Expressed another way, “in 2003, an average year during the period: 6 of 529 black officers and cadets tested positive, or 1.1% of that group, while 3 of 1260 white officers and cadets tested positive, or 0.2% of that group.” The parties did not contest the statistics.
Although the district court entered summary judgment in favor of the defendant, the panel reverses and orders entry of a partial judgment in favor of plaintiffs that they established their prima facie case of disparate impact.
Referring to the statistical showing and sample size, the panel describes the methodology applied to assess whether the disparity is one that should be deemed sufficiently significant to trigger disparate impact. The panel considers that, “in many situations, two standard deviations or more will generate an inference of nonrandomness for a social scientist.” Over the period 1999-2006, meanwhile, the plaintiffs’ expert reported 7.14 standard deviations between blacks and whites.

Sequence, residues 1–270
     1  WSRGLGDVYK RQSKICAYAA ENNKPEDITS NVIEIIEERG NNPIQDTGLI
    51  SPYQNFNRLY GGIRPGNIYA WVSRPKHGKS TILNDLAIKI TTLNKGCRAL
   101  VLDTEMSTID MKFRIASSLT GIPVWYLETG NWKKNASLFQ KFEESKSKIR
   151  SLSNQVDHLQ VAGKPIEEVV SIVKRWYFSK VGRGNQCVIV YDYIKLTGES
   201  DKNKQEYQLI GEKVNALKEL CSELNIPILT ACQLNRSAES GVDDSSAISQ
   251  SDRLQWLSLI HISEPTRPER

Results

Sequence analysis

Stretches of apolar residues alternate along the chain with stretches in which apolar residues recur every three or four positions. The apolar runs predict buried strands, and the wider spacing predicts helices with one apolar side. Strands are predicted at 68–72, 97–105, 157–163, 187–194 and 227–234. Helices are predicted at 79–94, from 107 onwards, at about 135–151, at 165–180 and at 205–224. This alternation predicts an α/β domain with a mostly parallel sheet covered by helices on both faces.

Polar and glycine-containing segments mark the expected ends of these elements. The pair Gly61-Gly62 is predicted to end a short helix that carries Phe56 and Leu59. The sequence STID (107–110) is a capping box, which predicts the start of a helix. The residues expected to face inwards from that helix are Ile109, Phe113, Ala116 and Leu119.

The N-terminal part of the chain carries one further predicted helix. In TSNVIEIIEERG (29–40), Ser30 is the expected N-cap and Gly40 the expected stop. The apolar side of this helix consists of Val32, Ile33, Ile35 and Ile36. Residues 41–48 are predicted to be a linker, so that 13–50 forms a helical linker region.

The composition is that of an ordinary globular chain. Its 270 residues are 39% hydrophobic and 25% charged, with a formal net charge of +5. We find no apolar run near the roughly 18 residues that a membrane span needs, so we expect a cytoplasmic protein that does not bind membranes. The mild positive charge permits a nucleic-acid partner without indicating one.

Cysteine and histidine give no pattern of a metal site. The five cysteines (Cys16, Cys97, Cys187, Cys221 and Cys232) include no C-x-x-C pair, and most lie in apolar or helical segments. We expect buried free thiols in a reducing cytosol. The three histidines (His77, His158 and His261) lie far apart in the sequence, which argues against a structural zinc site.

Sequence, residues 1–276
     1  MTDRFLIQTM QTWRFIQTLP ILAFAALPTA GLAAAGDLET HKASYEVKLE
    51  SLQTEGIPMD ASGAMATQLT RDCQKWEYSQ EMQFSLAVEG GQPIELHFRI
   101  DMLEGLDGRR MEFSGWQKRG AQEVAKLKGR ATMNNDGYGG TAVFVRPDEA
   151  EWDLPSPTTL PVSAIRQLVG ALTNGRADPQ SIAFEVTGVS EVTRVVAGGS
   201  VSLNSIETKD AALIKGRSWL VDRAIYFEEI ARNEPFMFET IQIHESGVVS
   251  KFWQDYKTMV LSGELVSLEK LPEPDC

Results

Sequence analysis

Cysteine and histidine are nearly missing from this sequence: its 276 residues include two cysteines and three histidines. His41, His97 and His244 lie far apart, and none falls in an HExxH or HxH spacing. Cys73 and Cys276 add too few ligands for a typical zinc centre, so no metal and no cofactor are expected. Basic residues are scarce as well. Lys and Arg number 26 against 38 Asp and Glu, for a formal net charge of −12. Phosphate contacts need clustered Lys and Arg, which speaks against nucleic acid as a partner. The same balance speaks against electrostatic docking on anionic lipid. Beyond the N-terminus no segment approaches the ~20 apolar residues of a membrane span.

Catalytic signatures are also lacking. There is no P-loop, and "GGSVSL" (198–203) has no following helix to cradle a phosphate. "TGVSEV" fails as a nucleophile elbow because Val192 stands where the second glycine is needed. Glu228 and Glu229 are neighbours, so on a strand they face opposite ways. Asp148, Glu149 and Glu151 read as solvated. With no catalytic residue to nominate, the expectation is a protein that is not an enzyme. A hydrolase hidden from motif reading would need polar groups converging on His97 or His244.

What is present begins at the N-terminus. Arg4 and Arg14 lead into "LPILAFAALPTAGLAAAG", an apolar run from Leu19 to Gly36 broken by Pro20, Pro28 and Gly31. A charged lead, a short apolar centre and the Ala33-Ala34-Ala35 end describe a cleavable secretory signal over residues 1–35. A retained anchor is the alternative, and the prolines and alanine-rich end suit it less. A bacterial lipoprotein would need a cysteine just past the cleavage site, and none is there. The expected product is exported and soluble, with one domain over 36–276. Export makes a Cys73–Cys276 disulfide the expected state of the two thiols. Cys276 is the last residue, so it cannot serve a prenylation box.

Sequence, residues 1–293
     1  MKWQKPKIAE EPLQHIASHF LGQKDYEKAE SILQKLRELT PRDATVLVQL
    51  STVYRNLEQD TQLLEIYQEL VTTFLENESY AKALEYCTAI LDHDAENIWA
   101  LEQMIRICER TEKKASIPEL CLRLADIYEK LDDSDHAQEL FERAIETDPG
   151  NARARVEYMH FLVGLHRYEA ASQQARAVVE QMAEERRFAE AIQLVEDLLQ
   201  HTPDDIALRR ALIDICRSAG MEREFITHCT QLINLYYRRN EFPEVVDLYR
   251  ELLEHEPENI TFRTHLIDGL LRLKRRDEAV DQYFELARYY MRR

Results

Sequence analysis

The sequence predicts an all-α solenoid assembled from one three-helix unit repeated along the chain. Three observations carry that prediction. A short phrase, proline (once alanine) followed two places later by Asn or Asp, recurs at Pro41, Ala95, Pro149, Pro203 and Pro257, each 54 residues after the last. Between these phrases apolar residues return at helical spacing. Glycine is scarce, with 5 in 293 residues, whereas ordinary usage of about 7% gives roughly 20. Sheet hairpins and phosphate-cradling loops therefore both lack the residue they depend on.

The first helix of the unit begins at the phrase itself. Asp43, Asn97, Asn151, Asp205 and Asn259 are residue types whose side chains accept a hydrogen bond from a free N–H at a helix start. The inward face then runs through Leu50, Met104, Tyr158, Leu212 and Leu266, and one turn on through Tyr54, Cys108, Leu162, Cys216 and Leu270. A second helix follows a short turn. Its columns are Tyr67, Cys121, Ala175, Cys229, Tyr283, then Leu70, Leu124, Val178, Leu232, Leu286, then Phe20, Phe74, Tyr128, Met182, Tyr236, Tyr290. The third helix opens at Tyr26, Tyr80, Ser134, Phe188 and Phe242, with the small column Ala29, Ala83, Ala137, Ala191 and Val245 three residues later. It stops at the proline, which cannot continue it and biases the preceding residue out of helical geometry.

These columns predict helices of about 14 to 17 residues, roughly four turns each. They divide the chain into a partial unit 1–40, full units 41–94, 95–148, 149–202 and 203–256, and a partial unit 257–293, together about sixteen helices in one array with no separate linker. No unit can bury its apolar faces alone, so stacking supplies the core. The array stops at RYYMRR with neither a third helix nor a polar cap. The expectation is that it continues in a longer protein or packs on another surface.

The department urged another analysis based on the “four-fifths” rule, a commonly-used test of significance in civil rights cases:
“The four-fifths rule provides that where an employment practice results in a ‘selection rate’ for any racial group less than four-fifths of the ‘selection rate’ for another group, these statistics ‘will generally be regarded by [f]ederal enforcement agencies as evidence of’ disparate impact. 29 C.F.R. § 1607.4(D). For example, if an employer hires 14% of black applicants and 20% of white applicants, the four-fifths rule would indicate a disparate impact, because fourteen is less than four-fifths of twenty.”